During this semester Faculty Development embarked on important conversations about what faculty mentorship can look like at its best.
I am proud that Faculty Development offers mentorship programs for both tenure track and lecturer faculty, and we look forward to continue expanding the resources we provide.
Mentorship of course can happen in different forms, more or less officially, but at the core of mentorship should always be some form of trust and the feeling that the learning experience is mutual, and not one directional. Tomorrow, the equity fellows and I will discuss an article by Rachel Endo, “Retaining and Supporting Faculty Who Are Black, Indigenous, and People of Color: The Promise of a Multi-Leveled Mentoring-Partnership Model” (2020).
Endo proposes a “mentoring-partnership” model that promotes “alternative paradigms for conceptualizing mentoring as dynamic partnerships with differentiated, equity-focused, and multi-leveled systems of support that explicitly center anti-racist and anti-deficit frameworks as core values” (170). I hope that all faculty will join us in exploring these concepts, whether you identify as a mentor or a mentee, and that as a university we will spend some time considering what mentorship-partnership models at Chico State can look like.
Following Endo’s model and as we prepare to launch the READI hub in the Fall, I look forward to exploring ways in which Faculty Development can embrace non-dominant mentorship frameworks, in order to be able to support and retain all our faculty.
Share your impression about the article in a comment below!
I attend monthly meetings with all the faculty development directors in the CSU, and during our last meeting one of them shared a newsletter from the Chronicle of Higher Education, titled “Teaching: A Different Way of Thinking About Rigor” (Supiano, 2021).
The author mentions the rigor wars that have originated among faculty as a consequence of the pandemic and how different camps seem to have reached irreconcilable differences in this debate: should we still thrive for rigor or should we abandon it completely?
In her attempt to reframe the debate in a more nuanced fashion, Supiano shares three important principles discussed by Jamiella Brooks (associate director at the Center for Teaching and Learning at the University of Pennsylvania) and Julie McGurk, (director of faculty teaching initiatives at Yale University’s Poorvu Center for Teaching and Learning):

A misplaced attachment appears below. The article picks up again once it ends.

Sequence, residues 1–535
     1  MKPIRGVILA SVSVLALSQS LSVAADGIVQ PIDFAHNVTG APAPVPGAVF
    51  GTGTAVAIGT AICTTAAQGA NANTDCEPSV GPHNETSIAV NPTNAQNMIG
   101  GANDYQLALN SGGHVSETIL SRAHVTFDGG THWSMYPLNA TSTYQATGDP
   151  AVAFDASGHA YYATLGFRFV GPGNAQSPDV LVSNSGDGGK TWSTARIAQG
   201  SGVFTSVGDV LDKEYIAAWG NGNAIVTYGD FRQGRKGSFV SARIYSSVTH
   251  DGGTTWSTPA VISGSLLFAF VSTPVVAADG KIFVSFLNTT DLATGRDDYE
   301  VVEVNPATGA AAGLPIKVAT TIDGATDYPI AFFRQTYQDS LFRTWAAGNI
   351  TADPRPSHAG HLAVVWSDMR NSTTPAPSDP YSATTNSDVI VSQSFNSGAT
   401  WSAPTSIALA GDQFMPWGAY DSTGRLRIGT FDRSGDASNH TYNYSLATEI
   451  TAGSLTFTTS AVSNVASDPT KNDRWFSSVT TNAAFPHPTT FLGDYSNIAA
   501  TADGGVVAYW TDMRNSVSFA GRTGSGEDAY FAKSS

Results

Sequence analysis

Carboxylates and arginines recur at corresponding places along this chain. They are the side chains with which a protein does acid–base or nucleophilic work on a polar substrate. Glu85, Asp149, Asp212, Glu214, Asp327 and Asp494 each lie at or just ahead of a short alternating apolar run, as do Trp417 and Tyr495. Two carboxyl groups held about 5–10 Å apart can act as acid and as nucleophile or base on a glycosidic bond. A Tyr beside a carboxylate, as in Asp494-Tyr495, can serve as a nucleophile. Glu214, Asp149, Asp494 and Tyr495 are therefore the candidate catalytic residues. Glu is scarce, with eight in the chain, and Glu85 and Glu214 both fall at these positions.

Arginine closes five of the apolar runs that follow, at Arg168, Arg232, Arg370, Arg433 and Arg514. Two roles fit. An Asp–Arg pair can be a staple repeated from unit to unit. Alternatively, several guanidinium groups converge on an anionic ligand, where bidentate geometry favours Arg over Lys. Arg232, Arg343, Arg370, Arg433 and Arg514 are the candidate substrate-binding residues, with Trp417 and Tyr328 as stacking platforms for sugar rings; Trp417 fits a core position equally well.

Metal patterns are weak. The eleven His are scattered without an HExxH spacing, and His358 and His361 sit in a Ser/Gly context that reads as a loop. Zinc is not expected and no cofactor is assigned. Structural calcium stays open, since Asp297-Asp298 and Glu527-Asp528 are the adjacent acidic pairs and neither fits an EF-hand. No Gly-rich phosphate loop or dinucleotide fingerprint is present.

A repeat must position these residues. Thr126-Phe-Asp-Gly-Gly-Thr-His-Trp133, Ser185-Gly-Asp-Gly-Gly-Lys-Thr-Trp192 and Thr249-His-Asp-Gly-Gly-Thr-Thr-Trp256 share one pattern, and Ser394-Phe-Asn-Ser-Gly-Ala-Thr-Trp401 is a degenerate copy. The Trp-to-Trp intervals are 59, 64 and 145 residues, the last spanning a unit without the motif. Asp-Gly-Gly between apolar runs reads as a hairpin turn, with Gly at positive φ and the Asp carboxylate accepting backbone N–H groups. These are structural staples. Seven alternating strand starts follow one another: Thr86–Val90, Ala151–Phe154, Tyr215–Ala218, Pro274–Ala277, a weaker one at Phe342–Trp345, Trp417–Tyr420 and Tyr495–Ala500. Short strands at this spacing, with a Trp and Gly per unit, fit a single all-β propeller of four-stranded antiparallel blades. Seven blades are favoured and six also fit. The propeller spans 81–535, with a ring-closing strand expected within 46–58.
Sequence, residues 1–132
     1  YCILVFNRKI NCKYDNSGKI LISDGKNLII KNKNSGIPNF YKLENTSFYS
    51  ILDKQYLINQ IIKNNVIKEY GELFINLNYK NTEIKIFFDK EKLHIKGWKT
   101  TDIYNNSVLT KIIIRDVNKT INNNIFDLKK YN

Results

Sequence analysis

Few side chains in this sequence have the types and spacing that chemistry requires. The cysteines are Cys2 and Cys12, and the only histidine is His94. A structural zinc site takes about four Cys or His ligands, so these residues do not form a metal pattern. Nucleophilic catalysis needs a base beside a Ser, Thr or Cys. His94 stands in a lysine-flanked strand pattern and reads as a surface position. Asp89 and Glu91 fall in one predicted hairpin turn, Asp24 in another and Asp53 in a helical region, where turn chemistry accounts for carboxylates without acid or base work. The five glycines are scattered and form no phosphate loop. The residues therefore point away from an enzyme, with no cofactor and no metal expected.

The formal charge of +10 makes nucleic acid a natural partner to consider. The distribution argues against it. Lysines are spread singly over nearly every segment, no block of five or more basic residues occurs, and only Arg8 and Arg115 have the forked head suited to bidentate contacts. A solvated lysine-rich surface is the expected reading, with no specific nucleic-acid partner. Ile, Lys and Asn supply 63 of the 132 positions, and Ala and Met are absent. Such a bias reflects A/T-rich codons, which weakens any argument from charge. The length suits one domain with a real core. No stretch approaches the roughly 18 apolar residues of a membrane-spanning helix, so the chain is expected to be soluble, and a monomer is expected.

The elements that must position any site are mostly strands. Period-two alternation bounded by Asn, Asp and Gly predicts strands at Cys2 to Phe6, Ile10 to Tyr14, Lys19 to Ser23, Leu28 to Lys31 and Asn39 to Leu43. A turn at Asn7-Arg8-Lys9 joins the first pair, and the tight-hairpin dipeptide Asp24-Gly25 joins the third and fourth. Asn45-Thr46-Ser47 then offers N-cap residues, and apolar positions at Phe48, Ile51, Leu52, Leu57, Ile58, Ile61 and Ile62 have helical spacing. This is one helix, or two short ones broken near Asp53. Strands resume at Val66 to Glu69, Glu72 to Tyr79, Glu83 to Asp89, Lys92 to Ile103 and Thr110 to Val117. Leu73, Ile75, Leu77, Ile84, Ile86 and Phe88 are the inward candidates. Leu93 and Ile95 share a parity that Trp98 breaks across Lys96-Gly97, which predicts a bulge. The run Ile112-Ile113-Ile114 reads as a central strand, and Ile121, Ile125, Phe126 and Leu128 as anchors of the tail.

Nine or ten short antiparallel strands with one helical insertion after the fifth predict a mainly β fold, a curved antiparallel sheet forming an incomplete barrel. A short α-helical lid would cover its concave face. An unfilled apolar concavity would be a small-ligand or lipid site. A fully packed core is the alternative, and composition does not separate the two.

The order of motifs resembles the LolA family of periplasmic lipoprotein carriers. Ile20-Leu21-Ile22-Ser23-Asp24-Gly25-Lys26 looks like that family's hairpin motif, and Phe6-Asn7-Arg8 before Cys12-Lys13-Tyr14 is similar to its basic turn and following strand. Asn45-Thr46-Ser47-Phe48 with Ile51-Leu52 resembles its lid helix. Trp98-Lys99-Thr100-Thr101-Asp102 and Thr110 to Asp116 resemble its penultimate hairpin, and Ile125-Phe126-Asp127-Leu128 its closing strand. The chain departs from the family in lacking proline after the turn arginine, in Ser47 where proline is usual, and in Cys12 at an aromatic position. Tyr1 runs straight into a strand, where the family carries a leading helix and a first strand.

- “Rigor, when defined apart from a deficit ideology, is necessary to teach more inclusively.
- Inadequate definitions of rigor produce poorer learning outcomes, particularly for underrepresented and/or underserved students.
- Rigor is not hard for the sake of being hard; it is purposeful and transparent.” (Supiano, 2021)
The principle that mostly resonated with me is the last one: rigor for the sake of rigor – harshness for the sake of harshness – is meaningless. I was educated in a similar environment, in European high schools and Colleges where old male professors lectured for hours. I confess: that approach worked well for me. I always loved learning and reading, and I loved the academic and intellectual conversations.
But the question is: should we really measure what successful and equitable learning is based on what worked for us – a bunch of scholars who love spending time reading and doing research and never or rarely struggled in class? If we are designing our courses based on what worked for us, we are probably missing the mark, and by a long shot, I must say.
So, I hope this Tuesday Tip invites us all to reconsider what purposeful rigor can look like and how we can create high expectations for our students without alienating them.
Comment on our blog and share your experience in creating high expectations for students that still promote an inclusive learning environment!